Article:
WDC and program partners welcome Coastal Kayak Charters of St. Pete Beach, Florida to Dolphin SMART – a unique voluntary wild dolphin conservation and stewardship program. Dolphin SMART recognizes businesses that responsibly advertise and view wild dolphins and educate their patrons on dolphin conservation. Coastal Kayak Charters transports guests and kayaks by boat to explore Tampa Bay wildlife and ecosystems. Guests onboard responsibly view dolphins and other wildlife found in the local waterways.
The Dolphin SMART program continues to expand in Florida, adding Coastal Kayak Charters to the list of participants. Dolphin SMART is a partnership program developed by Whale and Dolphin Conservation with NOAA’s Office of National Marine Sanctuaries and National Marine Fisheries Service, and the Dolphin Ecology Project. Dolphin SMART is a voluntary program for commercial dolphin watching operators who voluntarily comply with Dolphin SMART’s criteria for implementing responsible viewing practices and educating passengers about dolphin conservation.
Launched in 2007 by WDC, NOAA, and the Dolphin Ecology Project, the program originated in Key West, Florida, and expanded to Alabama before launching in Hawaii in 2011. The Dolphin SMART acronym is a reminder of the basic principles of responsible dolphin viewing:
• Stay at least 50 yards from dolphins,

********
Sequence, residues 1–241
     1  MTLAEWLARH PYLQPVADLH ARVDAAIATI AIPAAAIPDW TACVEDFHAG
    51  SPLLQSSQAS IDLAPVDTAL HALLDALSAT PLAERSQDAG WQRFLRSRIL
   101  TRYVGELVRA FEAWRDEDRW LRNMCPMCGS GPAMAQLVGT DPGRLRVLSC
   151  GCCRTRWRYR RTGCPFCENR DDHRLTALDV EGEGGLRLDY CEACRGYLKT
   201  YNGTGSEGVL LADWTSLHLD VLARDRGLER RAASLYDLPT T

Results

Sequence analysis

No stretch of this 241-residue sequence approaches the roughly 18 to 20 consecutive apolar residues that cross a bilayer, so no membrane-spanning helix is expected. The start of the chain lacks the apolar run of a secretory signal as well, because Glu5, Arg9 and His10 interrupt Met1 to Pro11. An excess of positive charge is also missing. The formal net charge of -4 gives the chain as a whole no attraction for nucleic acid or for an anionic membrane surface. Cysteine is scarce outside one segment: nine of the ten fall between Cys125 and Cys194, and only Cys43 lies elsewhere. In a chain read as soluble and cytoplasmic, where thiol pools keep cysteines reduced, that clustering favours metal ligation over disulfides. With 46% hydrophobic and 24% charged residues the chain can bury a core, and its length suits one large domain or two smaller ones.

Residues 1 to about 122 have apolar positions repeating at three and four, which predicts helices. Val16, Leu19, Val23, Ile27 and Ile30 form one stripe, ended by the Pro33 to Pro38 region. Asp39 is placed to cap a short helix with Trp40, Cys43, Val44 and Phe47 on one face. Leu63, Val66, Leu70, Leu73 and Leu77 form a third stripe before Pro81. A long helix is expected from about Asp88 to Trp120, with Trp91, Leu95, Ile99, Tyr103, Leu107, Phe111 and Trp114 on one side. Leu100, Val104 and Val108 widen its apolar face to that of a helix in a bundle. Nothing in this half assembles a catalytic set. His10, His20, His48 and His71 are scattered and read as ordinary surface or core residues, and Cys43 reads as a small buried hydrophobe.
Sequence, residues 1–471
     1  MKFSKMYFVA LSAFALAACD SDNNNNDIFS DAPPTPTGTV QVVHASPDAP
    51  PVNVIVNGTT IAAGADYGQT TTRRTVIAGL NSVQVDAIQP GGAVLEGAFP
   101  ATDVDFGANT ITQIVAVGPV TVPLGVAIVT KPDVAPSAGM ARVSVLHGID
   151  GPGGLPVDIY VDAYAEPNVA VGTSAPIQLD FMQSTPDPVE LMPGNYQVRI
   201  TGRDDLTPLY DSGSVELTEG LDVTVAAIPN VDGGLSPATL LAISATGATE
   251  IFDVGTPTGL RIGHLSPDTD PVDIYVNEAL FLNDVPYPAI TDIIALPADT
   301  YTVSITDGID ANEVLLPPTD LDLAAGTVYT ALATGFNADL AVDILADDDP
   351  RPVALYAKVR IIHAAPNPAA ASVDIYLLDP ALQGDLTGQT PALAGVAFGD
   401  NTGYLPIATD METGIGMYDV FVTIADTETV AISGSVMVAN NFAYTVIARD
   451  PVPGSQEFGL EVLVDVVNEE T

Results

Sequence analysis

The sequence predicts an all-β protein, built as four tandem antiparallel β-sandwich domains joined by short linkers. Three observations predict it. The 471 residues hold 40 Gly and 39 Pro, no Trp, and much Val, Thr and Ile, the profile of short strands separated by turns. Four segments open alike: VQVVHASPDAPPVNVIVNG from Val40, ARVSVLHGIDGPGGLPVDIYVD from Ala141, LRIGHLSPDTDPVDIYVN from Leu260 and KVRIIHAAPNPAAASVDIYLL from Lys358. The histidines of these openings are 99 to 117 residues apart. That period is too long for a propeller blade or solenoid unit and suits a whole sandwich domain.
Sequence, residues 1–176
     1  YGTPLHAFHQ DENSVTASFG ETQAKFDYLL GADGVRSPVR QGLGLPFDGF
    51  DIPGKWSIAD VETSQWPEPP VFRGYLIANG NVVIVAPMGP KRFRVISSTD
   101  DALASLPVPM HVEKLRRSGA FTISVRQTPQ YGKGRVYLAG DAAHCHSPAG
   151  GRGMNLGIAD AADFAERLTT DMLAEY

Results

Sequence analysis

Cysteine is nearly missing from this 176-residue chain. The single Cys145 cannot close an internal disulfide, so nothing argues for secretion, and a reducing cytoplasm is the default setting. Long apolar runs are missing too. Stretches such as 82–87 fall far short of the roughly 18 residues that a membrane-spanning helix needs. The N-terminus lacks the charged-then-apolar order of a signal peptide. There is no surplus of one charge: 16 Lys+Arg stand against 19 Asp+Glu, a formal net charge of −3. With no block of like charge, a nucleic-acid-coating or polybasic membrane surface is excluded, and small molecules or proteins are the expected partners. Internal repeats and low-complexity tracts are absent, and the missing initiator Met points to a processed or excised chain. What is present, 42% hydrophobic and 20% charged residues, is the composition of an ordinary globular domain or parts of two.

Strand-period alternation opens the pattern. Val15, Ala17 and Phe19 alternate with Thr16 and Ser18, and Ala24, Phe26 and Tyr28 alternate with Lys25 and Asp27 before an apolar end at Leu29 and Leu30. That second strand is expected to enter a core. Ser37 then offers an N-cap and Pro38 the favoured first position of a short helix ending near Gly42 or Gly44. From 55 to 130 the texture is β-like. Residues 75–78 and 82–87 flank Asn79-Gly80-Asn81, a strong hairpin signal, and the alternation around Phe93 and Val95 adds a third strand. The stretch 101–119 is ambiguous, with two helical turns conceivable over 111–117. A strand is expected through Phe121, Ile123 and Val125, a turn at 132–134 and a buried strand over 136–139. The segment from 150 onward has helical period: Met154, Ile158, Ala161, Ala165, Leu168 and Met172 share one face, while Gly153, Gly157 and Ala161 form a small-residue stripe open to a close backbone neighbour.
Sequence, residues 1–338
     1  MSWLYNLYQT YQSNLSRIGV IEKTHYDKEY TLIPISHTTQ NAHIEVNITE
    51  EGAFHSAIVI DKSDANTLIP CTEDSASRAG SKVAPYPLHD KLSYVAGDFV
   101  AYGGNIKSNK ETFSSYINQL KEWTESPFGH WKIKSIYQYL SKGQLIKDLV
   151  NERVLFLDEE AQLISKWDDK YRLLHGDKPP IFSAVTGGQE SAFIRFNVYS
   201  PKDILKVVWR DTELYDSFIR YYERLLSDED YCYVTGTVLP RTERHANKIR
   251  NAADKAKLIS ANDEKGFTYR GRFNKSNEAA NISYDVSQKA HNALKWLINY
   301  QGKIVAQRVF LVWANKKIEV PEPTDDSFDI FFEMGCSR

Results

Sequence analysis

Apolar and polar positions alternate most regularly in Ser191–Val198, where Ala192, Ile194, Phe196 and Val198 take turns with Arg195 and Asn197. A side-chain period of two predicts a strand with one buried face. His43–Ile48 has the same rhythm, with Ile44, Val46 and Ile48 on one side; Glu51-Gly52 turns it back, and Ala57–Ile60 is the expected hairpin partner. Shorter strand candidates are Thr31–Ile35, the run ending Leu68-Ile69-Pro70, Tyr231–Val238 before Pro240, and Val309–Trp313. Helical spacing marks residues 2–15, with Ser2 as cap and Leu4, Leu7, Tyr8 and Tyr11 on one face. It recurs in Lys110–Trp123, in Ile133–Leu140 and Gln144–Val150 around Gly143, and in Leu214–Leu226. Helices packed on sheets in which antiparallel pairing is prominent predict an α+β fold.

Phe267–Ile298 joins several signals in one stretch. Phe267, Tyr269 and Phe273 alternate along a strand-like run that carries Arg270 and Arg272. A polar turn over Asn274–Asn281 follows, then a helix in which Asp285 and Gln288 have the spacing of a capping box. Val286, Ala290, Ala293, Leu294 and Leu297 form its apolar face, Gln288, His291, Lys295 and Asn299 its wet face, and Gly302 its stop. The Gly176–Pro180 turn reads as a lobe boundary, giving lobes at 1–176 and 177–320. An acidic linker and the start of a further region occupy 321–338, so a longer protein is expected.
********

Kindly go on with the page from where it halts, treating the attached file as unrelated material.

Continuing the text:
• Move away slowly if the dolphins show signs of disturbance,
• Always put your vessel engine in neutral when dolphins are near,
• Refrain from feeding, touching, or swimming with wild dolphins,
• Teach others to be Dolphin SMART.
Viewing dolphins safely and responsibly, as well as advertising responsible viewing practices, is a cornerstone of the Dolphin SMART program. Irresponsible viewing of wild dolphins may disrupt important behaviors causing negative impacts to the health of dolphins and their young. Visitors viewing dolphins with Dolphin SMART businesses enjoy a respectful tour that supports dolphin conservation while learning about dolphin biology and behavior.
Not only is it a violation of the Dolphin SMART protocol, but it is also a federal violation of the Marine Mammal Protection Act (MMPA). The MMPA was established in 1972 to protect all marine mammals and applies to individuals as well as commercial operators. Violators are punishable by a hefty fine, and in some cases, jail.
There are now 18 recognized businesses in Florida and Hawaii in the steadily growing Dolphin SMART program. NOAA Fisheries encourages visitors to these areas to “look before you book” and support wild dolphin conservation by patronizing a Dolphin SMART business. Participating businesses display a Dolphin SMART flag and decal with the current calendar year. Participants are regularly evaluated to ensure they continue to voluntarily meet program standards. A list of Dolphin SMART businesses is available online.